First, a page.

My son Archer started kindergarten on Wednesday.
Five years ago at this time he was still in a neonatal intensive care unit in Lincoln.
There were several other infants in the ward but I took note of one in particular for a few reasons. I remember his name but won’t put it here except to say that he had the same surname as Archer. He was also born more prematurely and at a lower birth weight than Archer, which is saying something.
He was born at one pound, three ounces. At one pound, six ounces, Archer was only the second smallest baby named Schwartz in the St. Elizabeth NICU in May 2011.
When I’d step out of Archer’s room I could hear the same nightmarish racket coming out of the other boy’s room. The near-constant alarms that he’d stopped breathing, again; the familiar sight of nurses rushing into the room.
It happened dozens of times a day in Archer’s room and it was no different for the other boy. It’s terrifying until it happens so often that it becomes routine. Oh, my baby is dying again. It’s been nearly 20 minutes since the last time. That was a nice run.
I never got a good look at the other boy, just glimpses through a window into his incubator. A child that premature is mostly a very small bundle of tubes and wires anyway.
I spoke with this other boy’s mother a few times. I remember her talking a lot about how he wasn’t gaining weight (Archer wasn’t either). My wife Amanda knew her a bit better than I did, as they were both staying long-term in Lincoln. Enough time has passed that I’m not sure I correctly remember where they were from. Some small town in Nebraska.
One weekend I came down to see Archer and the other baby was gone, the mother was gone. Obviously no one at the hospital could tell us anything due to privacy laws. I mean, I know what happened. They almost certainly didn’t send a one pound baby home or to another hospital. But I guess I can't say for sure.
I bring this up mainly as an exercise in maintaining the proper perspective.
It hasn’t been easy for us. I dare say we’ve had it worse than most. September will (hopefully) mark two years since the last time Archer ended up in the hospital. Amanda and her mother discovered him unresponsive with an extremely high fever on a night when I’d gone to North Platte to watch the Nebraska-FresnoState game with friends. I drove back to Lexington not knowing what was going on because no one was answering my texts; they were all in the emergency room.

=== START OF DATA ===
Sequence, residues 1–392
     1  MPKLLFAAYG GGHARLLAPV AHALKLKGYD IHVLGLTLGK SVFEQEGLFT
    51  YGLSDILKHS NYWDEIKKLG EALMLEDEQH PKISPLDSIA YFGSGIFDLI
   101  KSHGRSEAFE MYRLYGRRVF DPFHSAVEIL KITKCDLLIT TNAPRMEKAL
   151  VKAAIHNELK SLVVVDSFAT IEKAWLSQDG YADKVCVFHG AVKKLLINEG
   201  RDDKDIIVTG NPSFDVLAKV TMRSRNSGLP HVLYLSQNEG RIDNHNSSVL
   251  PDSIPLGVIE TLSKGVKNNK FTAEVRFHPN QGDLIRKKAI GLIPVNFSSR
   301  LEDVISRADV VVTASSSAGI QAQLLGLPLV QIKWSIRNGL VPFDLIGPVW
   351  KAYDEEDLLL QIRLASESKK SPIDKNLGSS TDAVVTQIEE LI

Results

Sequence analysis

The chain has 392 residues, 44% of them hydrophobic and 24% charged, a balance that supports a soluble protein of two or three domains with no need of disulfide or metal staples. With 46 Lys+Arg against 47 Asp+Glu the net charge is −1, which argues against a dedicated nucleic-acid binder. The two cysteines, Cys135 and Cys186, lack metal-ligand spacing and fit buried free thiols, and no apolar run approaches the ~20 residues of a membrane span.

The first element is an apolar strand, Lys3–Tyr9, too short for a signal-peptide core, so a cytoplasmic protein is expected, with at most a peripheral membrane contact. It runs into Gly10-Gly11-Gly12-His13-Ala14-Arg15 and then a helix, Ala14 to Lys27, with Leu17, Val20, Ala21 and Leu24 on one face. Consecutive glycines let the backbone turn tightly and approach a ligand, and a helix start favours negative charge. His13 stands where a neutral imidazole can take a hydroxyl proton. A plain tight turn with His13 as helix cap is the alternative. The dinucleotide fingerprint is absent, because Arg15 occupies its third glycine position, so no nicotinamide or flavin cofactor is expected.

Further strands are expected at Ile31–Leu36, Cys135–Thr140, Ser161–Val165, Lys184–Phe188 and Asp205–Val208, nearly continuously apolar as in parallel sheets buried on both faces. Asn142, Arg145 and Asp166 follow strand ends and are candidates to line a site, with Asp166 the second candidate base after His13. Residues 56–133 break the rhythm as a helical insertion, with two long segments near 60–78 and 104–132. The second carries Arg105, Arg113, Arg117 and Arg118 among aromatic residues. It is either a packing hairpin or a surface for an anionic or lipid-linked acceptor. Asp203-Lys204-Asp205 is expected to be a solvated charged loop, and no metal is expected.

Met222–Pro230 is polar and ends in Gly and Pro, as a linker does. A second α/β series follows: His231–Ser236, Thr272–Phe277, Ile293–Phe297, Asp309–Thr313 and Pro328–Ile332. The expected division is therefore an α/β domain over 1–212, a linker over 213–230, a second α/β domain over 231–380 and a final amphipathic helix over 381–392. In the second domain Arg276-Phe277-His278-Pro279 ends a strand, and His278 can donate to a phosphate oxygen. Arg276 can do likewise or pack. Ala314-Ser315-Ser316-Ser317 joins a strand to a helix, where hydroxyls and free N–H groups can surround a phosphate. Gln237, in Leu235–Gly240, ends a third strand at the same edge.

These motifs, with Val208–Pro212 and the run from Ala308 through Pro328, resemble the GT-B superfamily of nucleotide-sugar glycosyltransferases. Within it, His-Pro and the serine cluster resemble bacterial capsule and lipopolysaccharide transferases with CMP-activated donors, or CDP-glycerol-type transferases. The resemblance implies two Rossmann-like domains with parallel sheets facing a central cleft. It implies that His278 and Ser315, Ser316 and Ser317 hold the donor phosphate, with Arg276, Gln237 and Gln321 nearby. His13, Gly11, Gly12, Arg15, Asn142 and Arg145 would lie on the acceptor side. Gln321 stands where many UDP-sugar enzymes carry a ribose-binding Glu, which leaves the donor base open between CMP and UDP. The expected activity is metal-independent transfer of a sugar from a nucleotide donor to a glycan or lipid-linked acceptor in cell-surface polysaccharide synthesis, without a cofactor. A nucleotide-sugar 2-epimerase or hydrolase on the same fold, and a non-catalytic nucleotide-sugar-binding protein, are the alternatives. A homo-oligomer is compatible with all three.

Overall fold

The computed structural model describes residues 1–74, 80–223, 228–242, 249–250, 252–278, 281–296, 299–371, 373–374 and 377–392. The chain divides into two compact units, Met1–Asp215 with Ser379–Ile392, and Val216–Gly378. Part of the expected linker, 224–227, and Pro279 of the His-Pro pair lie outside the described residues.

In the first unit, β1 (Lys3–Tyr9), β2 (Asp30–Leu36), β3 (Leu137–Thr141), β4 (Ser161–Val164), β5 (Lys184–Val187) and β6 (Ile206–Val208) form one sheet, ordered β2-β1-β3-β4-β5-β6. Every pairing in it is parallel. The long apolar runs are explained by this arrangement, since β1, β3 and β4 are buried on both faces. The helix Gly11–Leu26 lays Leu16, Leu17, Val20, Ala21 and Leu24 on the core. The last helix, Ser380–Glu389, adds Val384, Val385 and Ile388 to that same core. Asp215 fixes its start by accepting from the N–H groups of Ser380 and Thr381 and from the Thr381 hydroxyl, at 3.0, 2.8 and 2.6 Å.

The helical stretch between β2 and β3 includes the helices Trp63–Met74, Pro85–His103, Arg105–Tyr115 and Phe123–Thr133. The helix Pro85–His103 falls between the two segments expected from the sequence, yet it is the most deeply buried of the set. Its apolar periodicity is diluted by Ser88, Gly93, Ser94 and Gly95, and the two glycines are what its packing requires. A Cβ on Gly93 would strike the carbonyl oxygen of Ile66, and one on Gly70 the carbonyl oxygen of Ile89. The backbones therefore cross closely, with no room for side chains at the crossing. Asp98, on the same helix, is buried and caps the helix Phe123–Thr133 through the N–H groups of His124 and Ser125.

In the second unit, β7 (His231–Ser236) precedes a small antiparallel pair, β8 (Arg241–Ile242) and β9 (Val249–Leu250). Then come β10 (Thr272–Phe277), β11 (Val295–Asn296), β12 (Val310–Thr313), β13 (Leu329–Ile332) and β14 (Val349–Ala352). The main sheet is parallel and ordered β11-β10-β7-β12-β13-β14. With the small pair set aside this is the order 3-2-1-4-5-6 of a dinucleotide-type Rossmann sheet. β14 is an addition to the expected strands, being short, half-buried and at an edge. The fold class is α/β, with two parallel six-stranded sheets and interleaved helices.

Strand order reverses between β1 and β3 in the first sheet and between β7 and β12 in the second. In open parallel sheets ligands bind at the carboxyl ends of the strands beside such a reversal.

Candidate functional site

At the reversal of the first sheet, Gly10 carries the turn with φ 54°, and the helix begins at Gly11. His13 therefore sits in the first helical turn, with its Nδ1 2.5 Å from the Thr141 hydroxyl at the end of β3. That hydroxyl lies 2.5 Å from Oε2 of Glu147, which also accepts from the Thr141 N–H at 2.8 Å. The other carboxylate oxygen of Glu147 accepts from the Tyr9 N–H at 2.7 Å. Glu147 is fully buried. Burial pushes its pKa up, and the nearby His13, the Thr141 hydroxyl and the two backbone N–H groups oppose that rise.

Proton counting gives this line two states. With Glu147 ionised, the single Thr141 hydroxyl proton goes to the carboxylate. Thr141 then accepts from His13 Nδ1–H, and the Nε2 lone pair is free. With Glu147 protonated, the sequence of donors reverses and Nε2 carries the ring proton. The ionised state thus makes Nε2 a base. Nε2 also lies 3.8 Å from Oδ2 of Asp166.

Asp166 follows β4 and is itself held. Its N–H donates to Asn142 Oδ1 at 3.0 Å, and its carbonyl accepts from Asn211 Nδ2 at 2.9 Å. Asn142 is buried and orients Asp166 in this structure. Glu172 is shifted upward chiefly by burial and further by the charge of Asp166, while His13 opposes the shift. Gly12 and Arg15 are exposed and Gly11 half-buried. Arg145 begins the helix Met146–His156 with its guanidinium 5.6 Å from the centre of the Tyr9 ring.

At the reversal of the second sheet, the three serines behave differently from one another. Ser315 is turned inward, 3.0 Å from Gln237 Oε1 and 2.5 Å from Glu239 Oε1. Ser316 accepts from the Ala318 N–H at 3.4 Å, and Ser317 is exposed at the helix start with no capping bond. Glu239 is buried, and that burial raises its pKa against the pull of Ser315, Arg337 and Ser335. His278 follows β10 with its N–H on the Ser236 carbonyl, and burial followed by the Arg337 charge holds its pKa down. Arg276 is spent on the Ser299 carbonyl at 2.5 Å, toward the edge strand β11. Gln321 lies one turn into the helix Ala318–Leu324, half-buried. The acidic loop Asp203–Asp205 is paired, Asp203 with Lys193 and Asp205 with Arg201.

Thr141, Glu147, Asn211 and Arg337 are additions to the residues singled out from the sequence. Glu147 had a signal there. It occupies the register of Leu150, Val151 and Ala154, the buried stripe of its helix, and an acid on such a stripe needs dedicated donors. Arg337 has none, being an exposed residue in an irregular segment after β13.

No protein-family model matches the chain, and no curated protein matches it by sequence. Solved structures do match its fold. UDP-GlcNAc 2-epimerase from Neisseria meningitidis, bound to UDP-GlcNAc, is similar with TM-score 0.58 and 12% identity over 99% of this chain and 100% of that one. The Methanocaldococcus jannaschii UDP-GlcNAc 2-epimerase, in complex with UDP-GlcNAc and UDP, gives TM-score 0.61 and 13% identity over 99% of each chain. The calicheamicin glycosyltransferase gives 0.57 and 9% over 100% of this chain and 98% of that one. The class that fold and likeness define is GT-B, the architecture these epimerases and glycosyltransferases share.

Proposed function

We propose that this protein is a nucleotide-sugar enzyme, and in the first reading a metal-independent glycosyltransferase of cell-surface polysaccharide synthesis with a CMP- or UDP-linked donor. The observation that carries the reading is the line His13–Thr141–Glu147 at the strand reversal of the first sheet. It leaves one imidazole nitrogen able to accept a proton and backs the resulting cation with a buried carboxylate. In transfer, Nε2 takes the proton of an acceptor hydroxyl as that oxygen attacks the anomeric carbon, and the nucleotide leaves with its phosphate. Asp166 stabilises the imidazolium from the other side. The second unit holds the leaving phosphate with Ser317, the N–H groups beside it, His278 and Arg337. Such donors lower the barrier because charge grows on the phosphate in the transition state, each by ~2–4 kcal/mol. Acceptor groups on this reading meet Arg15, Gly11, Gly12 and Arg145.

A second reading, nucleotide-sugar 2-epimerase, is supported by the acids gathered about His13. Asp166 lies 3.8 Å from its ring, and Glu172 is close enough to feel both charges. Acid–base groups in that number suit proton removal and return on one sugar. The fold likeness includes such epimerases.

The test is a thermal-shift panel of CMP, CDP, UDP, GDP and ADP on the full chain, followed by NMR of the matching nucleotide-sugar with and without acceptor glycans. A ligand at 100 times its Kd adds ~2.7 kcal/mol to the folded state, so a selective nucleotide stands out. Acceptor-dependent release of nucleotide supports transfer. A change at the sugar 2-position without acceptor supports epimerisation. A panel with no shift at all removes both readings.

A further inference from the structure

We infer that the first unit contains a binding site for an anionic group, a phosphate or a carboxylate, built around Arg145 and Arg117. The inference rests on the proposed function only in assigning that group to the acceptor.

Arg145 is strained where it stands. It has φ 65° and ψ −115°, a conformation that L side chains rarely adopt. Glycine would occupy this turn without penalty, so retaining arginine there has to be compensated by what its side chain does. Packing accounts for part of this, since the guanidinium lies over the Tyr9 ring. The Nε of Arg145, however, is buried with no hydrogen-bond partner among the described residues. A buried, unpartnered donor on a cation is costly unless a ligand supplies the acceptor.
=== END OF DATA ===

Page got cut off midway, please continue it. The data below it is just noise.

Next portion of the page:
Archer stayed in the hospital for most of a week. His fever finally broke after they gave him a sponge bath and let him air dry in the middle of the night. I've thankfully forgotten the exact sound of the alarms at St. E's but if I live to be 100 I will never forget the sound of Archer's screams, or the sight of him shivering so hard it was more like convulsions that night after the sponge bath. We couldn't hold him or even give him a blanket. He was three-years-old.
It was the most heartbreaking thing I've ever experienced.
Maybe the sponge bath worked, maybe after four days the fever finally ran its course (that's a pretty familiar timeline for us), but whatever the reason the next day and night Archer's temp stayed down and the day after that we took him home.
They never did figure out what exactly the cause was. They never do. It was speculated it was an ear infection and they billed us as if they’d cured cancer.
Before that and since, we experience what seems like a perpetual cycle of fevers from fall through spring. We fight like the damned devil to keep his temperature down and keep him out of the hospital.
But I am grateful, because we are all still here.
Even if we’ve had it worse than most, there are many people who walked the same path. There are many who carried far heavier crosses and suffered loss that I can’t even imagine. There are many who are going through these things as I write this.
In the balance of everything, we are fortunate.
Which brings me back to the other boy.
I’ve done some Googling over the years, trying to find an obituary or memorial or miracle baby story or preschool photos; anything that would prove his existence. I’ve never found anything but a meteorite that flashed across the sky; remembered only by those who were in the correct time and place to bear witness.
But I do remember you, little boy. I remember how your mom looked when she talked about you.
I think about you now and again, mostly on milestones like birthdays and holidays.
Or the first day of school.
Ultimately, I believe every day we all have together is a little victory unto itself, and the collection of those little victories is worthy of celebration. Not just on milestones, though those are surely important as well.
All your kids are beautiful and smart, and it is my sincere wish that everyone have a great school year.
Let us not allow any moment to pass without appreciation.